(Disclaimer: There are “spoilers” ahead, but considering the film is based on historical events, are they really spoilers?)
Having been educated in the American school system, the battle and evacuation of Dunkirk is something I had never heard of prior to this film. It’s a shame, really, considering it’s not only a decisive moment during World War II, but it’s also a miraculous moment in and of itself.
That being said, this film isn’t a history lesson. There’s no explanation of the events that led to the circumstances at hand. All we know is that there are hundreds of thousands of French and British soldiers trapped on the beaches of Dunkirk, shielding themselves from enemy fire and aerial bombing as they wait for ships to take them away. From the start, you’re thrown into the action and have to catch up along the way.
In that way, this film is immersive, focusing only on this specific moment with little reference to the past or future. This is enhanced by the portrayal of the characters. While we follow a series of men throughout the film, the lack of names, backstories and dialogue make it so that the audience isn’t attached or opposed to any character in particular. It’s as if the film could have followed any other soldiers and their experiences would have been identical. Because of this, you find yourself rooting for the soldiers. You don’t know anything about them on a personal level, but you empathize with them and want them to survive simply because they’re human.
One central aspect of this film is time, which is to be expected from a Christopher Nolan-directed film. We see separate storylines—soldiers on the mole, pilots in the air, and civilians at sea—all of which have different timelines spanning from hours to days. And as the film jumps between these storylines, this nonlinear timing can be confusing to follow.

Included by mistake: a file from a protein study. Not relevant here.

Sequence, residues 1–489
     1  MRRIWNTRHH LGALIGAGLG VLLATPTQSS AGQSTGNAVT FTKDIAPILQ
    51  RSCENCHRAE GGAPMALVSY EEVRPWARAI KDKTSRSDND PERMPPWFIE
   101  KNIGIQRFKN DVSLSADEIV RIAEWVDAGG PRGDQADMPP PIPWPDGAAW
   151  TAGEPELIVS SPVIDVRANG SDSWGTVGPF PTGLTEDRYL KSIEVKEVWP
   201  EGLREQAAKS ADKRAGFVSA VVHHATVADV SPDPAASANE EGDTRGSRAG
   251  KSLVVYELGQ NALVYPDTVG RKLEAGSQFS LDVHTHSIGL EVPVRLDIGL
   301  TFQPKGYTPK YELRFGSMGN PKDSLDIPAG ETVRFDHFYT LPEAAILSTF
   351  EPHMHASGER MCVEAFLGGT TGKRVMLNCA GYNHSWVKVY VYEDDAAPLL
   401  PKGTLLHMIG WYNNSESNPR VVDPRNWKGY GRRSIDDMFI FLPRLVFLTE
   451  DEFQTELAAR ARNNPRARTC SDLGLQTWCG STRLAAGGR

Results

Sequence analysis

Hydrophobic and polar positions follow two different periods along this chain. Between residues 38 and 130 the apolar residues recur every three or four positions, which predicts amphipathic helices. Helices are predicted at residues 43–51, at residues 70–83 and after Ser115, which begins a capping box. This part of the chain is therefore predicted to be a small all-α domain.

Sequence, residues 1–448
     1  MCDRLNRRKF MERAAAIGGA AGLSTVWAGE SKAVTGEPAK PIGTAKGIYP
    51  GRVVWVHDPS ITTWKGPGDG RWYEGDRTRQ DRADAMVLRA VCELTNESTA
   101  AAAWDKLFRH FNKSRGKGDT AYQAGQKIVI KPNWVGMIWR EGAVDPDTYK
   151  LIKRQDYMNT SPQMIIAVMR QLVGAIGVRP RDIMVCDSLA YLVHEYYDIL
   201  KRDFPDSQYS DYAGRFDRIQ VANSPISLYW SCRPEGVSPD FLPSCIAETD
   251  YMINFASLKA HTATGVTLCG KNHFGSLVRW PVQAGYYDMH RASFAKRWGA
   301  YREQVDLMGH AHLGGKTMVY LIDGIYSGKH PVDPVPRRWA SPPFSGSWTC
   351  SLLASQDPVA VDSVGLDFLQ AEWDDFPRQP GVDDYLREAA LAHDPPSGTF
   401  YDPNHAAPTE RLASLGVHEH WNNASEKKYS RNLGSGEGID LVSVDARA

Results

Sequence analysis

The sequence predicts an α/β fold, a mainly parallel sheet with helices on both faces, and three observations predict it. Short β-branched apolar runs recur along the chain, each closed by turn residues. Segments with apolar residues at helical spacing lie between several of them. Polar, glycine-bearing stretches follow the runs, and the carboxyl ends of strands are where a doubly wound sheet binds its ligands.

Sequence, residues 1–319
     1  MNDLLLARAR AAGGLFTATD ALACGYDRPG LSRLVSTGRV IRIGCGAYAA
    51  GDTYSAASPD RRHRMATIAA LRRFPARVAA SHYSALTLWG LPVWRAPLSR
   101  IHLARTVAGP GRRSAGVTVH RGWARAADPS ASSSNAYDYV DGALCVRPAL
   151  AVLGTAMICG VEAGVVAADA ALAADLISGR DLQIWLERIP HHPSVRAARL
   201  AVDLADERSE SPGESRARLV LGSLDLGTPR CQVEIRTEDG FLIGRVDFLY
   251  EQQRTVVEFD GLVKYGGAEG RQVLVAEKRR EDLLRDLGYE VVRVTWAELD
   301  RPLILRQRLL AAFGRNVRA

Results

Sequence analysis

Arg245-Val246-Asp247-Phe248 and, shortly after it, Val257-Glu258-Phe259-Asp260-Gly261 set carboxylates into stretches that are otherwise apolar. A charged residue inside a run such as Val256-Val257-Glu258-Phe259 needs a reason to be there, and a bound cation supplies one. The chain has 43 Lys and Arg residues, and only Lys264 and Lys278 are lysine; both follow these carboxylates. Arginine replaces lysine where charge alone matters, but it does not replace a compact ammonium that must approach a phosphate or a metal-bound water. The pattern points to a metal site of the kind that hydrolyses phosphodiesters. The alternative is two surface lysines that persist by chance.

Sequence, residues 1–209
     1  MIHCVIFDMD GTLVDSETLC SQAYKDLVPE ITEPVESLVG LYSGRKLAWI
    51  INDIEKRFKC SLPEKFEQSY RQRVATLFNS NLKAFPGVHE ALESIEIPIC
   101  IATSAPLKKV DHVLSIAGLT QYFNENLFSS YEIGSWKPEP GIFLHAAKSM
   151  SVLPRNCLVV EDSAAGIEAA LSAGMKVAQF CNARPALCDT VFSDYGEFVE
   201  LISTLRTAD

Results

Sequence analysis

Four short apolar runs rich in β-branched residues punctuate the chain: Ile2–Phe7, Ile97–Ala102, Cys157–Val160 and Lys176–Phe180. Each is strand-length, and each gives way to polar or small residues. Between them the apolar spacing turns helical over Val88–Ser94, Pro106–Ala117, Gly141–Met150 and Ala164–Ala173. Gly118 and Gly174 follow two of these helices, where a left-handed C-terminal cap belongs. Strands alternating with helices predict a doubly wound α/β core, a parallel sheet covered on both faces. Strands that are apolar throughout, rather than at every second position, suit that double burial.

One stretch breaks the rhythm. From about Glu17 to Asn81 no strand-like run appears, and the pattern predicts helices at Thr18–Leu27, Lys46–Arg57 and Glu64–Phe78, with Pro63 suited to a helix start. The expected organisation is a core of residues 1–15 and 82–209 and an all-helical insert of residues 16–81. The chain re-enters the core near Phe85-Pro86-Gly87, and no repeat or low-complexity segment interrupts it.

For example, in one scene, a soldier (played by Cillian Murphy) is rescued at sea during the day. He is clearly in shock; he is withdrawn and standoffish towards those who saved him and demands they return home immediately rather than attempt to save more soldiers. In a later scene at night, the same soldier is seen in a lifeboat going towards Dunkirk, completely unfazed. While this sequence was likely intended to portray PTSD and the overall emotional effect of war, it’s at that point when you become aware of the nonlinear timing and begin to question how the movie is unfolding.
A standout feature of the film is the score by Hans Zimmer. The music was so well thought out, perfectly setting the scene and conveying the emotional state of the characters to the audience. In one particular scene, British Commander Bolton (played by Kenneth Branagh) is on the mole looking out into the distance. A dissonant orchestration plays in the background, making for an uneasy feeling. As the camera pans out, the score crescendos and you brace yourself for what is about to happen, sure that the enemy will attack any minute. But then the music fades and the camera focuses on the sea, where civilians on their pleasure boats wave to the men on land. Commander Bolton says he sees “home,” and the score is harmonious, conveying the happiness of the relieved soldiers.
Another musical feature that stood out was the underlying ticking sound throughout the film, which adds to the suspense and induces the feeling of anxiety. The ticking stops at the very end, and if you hadn’t noticed it during the movie, you notice it then, as there’s an obvious sense of relief.
In the end, this movie showcases a unique perspective of the war. It doesn’t show the bravery and courage of the soldiers but rather their uncertainty and helplessness. It is the civilians, instead, who are the heroes who sacrificed their lives to save their fellow countrymen.
And while the Battle of Dunkirk was not a victory, the film makes sure to emphasize it was not a complete defeat. Upon being saved by a civilian boat, Alex (played by Harry Styles) says something along the lines of, “We’ve let you down, haven’t we?” He’s worried about how they will be received by the British public, too ashamed to read what is written about them in the newspaper. However, he is surprised to be greeted by cheers and celebration from the British people, as Tommy (played by Fionn Whitehead) reads Churchill’s famous “We will fight on the beaches” speech in the paper.
This film tells an important, moving story that deserves to be told and Nolan, Zimmer, and the cast did an excellent job of capturing the gravity of the situation in a cinematically pleasing way. Overall, I highly recommend watching Dunkirk.